“Being Able to Support Yourself”: Young Adults’ Meaning of Financial Well-Being Through Family Financial Socialization

Jennifer K. Rea, Sharon M. Danes, Joyce Serido, Lynne M. Borden, Soyeon Shim

Research output: Contribution to journalArticlepeer-review

10 Scopus citations

Abstract

This study investigated how young adults’ (N = 31) perceptions of family financial socialization processes and experiences influenced their definition and understanding of financial well-being. Coding and analysis followed Gilgun et al. (Qualitative methods in family research, Sage, Newbury Park, 1992) pattern-matching approach of analytical induction. The financial socialization processes dimension of Gudmunson and Danes (J Fam Econ Issues, 32:644–667, 2011) Family Financial Socialization (FFS) theory guided confirmation or refutation of theoretical constructs used to organize young adults’ (M = 24 years) personal reflections and interpretations of financial well-being. Findings confirmed current FFS theory constructs while extending the theory by adding the concept of cognitive interpretations of finances and financial well-being (anticipatory socialization) with an accompanying hypothesis. Thus, greater conceptual precision is provided about the connective link between the family’s financial socialization processes and the individual’s development of personal financial dispositions.

Original languageEnglish (US)
Pages (from-to)250-268
Number of pages19
JournalJournal of Family and Economic Issues
Volume40
Issue number2
DOIs
StatePublished - Jun 15 2019

Bibliographical note

Funding Information:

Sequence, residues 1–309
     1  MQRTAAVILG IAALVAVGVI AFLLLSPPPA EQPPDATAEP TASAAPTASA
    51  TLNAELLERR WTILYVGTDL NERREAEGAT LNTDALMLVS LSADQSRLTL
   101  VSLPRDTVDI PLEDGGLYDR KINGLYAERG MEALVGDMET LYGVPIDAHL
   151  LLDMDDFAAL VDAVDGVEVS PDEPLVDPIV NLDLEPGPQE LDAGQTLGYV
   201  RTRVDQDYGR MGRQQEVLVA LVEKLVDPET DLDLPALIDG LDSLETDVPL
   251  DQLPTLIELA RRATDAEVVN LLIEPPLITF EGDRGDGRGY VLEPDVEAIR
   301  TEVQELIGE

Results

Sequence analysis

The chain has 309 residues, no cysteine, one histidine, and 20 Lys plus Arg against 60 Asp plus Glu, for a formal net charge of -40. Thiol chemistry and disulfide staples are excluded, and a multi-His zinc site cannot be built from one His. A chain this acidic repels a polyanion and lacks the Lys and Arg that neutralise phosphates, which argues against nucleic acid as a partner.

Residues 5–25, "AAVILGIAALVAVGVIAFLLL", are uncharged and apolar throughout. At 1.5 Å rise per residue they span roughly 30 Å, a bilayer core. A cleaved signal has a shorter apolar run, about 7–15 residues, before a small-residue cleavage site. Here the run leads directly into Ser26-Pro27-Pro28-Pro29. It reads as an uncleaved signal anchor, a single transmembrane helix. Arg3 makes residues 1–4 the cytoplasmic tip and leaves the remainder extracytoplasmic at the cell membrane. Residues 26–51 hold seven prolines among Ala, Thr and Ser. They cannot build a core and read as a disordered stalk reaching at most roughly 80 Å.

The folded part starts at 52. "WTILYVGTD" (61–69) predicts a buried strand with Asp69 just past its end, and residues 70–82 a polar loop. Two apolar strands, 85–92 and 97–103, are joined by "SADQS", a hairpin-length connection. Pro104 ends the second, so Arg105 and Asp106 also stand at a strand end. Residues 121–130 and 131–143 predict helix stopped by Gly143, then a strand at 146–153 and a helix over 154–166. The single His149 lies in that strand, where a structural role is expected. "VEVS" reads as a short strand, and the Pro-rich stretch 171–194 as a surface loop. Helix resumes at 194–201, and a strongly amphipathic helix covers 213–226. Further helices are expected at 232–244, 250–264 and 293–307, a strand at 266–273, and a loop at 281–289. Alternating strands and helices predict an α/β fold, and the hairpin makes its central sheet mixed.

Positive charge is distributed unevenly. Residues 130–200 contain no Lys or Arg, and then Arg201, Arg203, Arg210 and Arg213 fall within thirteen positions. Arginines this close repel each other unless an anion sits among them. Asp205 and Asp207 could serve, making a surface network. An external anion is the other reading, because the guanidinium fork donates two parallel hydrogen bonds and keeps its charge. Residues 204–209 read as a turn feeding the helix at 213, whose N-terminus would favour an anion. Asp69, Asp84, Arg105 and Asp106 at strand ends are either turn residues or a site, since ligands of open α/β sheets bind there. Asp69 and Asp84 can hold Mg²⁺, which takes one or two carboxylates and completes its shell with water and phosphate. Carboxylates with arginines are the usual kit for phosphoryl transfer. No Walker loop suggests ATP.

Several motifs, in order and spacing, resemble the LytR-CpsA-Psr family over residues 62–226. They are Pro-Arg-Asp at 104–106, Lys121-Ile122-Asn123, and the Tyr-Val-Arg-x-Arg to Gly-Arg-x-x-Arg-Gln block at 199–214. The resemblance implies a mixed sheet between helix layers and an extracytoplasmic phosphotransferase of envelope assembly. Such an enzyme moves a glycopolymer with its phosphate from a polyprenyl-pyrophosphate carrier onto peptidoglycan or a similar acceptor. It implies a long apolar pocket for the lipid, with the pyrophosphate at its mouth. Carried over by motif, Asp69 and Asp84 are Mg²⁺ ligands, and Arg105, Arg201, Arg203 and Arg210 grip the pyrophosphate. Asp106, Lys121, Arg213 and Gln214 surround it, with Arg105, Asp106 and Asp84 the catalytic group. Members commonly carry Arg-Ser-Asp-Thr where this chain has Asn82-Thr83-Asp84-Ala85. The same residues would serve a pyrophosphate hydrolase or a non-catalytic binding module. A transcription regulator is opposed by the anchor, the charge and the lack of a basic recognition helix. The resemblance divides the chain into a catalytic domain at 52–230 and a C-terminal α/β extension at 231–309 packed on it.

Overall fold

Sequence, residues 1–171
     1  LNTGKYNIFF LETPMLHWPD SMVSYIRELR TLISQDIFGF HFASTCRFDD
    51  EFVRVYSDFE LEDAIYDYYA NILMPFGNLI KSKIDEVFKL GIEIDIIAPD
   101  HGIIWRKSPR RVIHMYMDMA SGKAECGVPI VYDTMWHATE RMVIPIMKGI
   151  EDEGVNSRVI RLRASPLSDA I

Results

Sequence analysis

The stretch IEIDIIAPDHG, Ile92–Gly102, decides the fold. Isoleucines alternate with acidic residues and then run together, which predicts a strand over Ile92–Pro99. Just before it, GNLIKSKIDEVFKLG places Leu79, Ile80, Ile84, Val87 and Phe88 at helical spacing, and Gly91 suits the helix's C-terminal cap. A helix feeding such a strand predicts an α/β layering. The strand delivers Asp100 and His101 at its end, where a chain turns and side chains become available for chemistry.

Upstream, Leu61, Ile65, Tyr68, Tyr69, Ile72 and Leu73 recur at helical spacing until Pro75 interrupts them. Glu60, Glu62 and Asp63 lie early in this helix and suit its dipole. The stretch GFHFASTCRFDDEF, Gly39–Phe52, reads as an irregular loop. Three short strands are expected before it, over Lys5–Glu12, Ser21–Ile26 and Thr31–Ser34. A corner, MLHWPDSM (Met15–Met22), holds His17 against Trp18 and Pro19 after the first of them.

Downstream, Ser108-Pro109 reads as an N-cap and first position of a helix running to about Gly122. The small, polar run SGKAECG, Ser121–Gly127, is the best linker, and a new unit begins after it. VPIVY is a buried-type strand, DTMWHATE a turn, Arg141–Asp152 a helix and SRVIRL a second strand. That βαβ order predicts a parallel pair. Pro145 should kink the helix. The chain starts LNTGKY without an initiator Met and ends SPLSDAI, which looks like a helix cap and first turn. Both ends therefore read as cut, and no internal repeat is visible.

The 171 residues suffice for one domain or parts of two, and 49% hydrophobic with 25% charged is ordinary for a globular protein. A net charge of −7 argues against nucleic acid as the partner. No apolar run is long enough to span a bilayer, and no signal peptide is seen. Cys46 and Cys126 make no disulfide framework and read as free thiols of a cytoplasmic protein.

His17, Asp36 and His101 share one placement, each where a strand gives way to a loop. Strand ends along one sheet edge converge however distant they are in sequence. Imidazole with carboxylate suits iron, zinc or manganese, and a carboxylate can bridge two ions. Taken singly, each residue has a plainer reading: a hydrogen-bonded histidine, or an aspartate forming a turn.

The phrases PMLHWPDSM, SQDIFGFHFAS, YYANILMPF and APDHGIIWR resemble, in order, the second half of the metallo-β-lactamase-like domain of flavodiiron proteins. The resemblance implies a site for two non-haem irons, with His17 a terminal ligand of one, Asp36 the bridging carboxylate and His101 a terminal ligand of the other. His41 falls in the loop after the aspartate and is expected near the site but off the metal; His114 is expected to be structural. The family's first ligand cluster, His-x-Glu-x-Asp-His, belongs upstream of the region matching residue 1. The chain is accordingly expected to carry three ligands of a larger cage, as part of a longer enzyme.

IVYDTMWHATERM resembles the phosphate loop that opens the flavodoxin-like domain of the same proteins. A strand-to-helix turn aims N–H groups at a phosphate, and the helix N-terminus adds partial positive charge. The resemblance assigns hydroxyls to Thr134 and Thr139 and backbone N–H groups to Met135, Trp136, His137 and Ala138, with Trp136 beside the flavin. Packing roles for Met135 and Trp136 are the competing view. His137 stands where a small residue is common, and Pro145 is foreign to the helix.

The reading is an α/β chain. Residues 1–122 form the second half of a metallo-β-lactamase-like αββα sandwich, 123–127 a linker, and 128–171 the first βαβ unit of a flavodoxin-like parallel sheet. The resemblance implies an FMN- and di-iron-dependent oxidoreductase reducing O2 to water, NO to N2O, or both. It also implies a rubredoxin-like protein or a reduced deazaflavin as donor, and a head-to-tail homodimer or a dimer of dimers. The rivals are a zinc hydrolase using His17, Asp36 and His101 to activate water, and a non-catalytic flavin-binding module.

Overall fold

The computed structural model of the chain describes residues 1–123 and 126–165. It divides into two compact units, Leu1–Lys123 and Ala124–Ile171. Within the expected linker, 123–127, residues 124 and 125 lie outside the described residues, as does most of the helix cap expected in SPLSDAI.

available by the Arizona Pathways to Life Success for University Students (APLUS) project with data collected through a research grant awarded by the National Endowment for Financial Education (NEFE). The authors would like to thank NEFE for its dedication to research, education and outreach in promoting financial literacy. Lastly, a special acknowledgement of research support is due to Jory M. Catalpa at the University of Minnesota.

Funding Information:
The data utilized in this publication was made available by the Arizona Pathways to Life Success for University Students (APLUS) project with data collected through a research grant awarded by the National Endowment for Financial Education (NEFE). The authors would like to thank NEFE for its dedication to research, education and outreach in promoting financial literacy. Lastly, a special acknowledgement of research support is due to Jory M. Catalpa at the University of Minnesota.

Publisher Copyright:
© 2018, Springer Science+Business Media, LLC, part of Springer Nature.

Keywords

  • Anticipatory socialization
  • Financial parenting
  • Financial socialization
  • Financial well-being
  • Young adults

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